I went to bible study by myself this week! 👐 Yay Christina! For a person who used to experience extreme anxiety around people, stare into space and not really function; I’m thinking I’m getting better. Thank you Jesus! So as I greeted people with hello making friendly eye contact and hugged people during the greet your neighbor call I felt above it until after church. I walked out of service and called out to a girl I thought was one of my classmates from undergraduate. “Candace!” She turned around and nope it wasn’t her. “Oh, I’m sorry I thought you were a girl I know name Candace.”
Oh, I felt awkward. I even said it. “Oh my gosh, this is so awkward.”
Yeah, so people calling me awkward use to hurt my feelings so much. It made me feel inordinate I guess and after one night I thought my brother was calling me awkward I a 23 year old woman went in the room and cried. My sister asked me what was wrong and I told her. What she said to me was a aha aha moment. I honestly don’t remember what she said, but it made me change my position on being awkward I know that! I felt better about me, so when I accidentally addressed the wrong person I didn’t feel bad for myself after. I just told me ” haha I guess these things happen to people.” It’s a part of being human.
Yesterday, I started my job! I’m excited to be able to work and pay my bills because the struggle was getting real. I work as a teacher’s assistant with K through 5 graders at the Y. The kids are constantly giving me nostalgic feels! I think they think I’m a kid too! 😋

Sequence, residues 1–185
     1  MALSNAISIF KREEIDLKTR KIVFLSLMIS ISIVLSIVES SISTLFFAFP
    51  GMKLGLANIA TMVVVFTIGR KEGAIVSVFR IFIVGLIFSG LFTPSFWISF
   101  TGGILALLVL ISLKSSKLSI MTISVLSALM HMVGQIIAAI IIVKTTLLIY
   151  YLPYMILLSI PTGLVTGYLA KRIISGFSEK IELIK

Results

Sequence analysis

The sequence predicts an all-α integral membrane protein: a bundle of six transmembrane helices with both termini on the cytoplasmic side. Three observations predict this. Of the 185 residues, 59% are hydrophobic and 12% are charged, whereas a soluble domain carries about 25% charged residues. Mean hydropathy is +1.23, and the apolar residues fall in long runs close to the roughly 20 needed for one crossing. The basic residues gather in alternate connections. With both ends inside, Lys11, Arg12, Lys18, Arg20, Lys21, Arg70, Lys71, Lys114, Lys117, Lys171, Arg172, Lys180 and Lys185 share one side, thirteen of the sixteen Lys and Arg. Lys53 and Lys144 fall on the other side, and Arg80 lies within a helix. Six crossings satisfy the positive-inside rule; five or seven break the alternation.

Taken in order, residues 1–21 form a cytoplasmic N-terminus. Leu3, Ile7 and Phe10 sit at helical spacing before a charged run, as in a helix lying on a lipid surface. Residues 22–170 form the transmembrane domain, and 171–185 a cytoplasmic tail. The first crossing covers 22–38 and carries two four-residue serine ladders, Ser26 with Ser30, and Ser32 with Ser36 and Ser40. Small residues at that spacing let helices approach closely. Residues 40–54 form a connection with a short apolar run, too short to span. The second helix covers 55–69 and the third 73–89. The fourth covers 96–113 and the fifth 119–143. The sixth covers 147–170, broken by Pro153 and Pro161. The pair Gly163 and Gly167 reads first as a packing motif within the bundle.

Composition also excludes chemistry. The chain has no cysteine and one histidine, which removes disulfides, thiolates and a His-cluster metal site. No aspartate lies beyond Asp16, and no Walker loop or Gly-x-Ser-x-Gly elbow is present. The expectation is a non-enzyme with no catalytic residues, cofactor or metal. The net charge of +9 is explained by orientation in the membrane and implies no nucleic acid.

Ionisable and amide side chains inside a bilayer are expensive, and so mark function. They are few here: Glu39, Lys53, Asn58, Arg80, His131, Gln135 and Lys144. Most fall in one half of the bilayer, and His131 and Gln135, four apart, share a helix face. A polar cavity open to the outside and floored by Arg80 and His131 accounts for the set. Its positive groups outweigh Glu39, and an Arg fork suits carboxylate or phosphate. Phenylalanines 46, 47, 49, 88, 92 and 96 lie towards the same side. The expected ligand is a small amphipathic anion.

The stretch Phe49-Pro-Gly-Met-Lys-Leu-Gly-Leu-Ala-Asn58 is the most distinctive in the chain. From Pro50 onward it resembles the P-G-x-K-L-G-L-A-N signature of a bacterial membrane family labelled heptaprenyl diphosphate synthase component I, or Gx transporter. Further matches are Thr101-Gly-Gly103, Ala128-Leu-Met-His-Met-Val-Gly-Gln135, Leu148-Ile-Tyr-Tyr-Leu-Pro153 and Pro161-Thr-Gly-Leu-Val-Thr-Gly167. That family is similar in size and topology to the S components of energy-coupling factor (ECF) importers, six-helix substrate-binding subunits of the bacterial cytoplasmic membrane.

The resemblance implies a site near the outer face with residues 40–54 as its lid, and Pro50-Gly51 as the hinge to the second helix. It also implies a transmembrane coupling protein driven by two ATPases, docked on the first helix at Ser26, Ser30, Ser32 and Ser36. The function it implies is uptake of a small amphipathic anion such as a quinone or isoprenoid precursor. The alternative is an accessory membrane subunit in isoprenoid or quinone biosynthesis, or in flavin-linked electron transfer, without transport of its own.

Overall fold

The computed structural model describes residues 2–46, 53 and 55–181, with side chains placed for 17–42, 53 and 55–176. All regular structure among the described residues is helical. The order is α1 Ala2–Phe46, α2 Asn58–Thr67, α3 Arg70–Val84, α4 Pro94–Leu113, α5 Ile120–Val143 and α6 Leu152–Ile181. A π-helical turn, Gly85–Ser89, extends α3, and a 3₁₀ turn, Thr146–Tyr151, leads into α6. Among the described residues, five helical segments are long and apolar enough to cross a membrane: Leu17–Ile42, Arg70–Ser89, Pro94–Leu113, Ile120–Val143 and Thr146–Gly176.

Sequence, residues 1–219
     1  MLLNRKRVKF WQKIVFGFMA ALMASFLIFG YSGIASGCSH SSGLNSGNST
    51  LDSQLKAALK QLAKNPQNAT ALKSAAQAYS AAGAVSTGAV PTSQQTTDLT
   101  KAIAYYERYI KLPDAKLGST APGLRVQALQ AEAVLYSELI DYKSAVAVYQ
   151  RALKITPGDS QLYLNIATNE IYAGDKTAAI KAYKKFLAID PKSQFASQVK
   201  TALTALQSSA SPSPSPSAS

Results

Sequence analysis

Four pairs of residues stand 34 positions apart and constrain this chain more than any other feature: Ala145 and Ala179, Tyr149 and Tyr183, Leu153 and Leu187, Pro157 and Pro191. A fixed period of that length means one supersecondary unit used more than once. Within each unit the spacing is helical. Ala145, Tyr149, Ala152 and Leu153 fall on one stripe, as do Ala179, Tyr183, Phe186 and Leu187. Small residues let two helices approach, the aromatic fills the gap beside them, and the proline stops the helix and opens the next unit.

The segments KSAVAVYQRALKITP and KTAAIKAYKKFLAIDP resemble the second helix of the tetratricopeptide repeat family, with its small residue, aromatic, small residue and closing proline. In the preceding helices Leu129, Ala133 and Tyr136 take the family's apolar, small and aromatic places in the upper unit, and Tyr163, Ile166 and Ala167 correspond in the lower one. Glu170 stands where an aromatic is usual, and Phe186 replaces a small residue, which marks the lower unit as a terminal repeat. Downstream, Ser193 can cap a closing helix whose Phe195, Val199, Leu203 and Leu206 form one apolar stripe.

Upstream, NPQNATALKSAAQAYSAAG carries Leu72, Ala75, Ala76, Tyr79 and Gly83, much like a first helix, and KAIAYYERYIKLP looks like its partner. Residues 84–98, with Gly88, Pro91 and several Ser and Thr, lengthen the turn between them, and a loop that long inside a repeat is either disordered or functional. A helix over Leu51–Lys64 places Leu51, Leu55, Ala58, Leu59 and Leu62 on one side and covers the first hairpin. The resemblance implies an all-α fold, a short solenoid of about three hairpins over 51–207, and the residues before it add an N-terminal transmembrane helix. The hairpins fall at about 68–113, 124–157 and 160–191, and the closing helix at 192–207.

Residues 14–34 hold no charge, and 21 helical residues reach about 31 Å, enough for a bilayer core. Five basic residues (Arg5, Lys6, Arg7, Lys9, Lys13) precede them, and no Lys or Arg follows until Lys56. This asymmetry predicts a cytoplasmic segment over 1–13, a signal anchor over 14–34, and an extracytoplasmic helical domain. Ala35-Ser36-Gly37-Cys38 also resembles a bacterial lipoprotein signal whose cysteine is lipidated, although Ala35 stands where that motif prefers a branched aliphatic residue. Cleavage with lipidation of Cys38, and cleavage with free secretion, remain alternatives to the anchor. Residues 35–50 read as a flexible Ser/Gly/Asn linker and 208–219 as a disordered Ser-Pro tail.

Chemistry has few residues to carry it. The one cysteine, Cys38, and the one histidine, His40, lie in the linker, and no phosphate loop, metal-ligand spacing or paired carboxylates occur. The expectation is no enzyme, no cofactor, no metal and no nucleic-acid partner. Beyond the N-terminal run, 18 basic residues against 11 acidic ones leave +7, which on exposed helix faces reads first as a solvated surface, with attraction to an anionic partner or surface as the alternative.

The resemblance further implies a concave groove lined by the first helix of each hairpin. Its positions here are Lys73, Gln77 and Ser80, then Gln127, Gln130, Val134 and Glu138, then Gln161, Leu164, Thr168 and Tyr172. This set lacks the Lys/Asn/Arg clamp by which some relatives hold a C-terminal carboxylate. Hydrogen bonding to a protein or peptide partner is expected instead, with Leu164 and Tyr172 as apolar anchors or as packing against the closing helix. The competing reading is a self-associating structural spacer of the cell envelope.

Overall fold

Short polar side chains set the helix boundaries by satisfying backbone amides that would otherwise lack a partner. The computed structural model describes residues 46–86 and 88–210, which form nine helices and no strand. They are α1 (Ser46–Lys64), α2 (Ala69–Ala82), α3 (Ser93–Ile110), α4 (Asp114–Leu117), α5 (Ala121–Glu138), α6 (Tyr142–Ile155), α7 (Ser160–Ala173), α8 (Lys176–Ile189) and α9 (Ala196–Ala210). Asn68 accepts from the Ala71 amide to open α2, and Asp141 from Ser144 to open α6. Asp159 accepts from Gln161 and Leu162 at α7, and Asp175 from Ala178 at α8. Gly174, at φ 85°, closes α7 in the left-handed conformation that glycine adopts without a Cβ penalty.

Today, I played a game of Telling- Time BINGO with some of my students. They were beating me to say the least. While playing one little girl came over and watched the game. I invited her to join, but she said she would wait for the next game. Instead when I called I-8:40,she walked over to one of the girls looking right over her shoulder saying “8-4.8-4.8.4” The other little girl said, “Stop it!”
Before I knew it, I said ” Why are you being mean to her?” She didn’t say anything to me-just looked,so I repeated myself. The girl who she yelled at walked away.
The other little girl, still sitting in front of me, turned kind of red and put her head down.” I’m not mean because I said stop it.” It sunk in for me. Yeah, that’s true. Although I didn’t see anything wrong with the girl over her shoulder, she did. She wasn’t being mean, but she was just standing her ground.
I replied to her, “you’re right. You’re not mean for saying that.” So many times I think that standing my ground like saying something so simple like “stop it” or “I don’t like that” will make me “mean.” No, actually it just makes me confident enough to use my voice and that’s okay. In term, it just makes me mean to me, which is not okay! I think to say something like “no” takes fierce audacity and I’m learning from the kids.
I’ve long been back in the states for about two months. My trip to Ghana was refreshing. I’ll cherish the love I felt there in my heart. I had some time to reflect while I was there too. Around this time in September, I was supposed to be headed to Estes Park, Colorado for a position I committed to at a continuation school. When I agreed to the position, I was desperate to get away from my family and find a job before I left college. In that desperation, I made a decision. When I sat in solitude many nights in Ghana almost frustrated with myself, I felt a need to follow my dreams. In review, the position in Colorado, although stable and monetarily beneficial, was not something I was passionate about. I was having cold feet.
Before I arrived back to California, I stopped in the District of Columbia, my dream city by the way, to see a friend. We talked and laughed and prayed and on our way back to the airport her car overheated. I was about to miss my flight. I frantically called my dad who just so happen to be in D.C. and he paid for my Uber. Crazy how things work out though!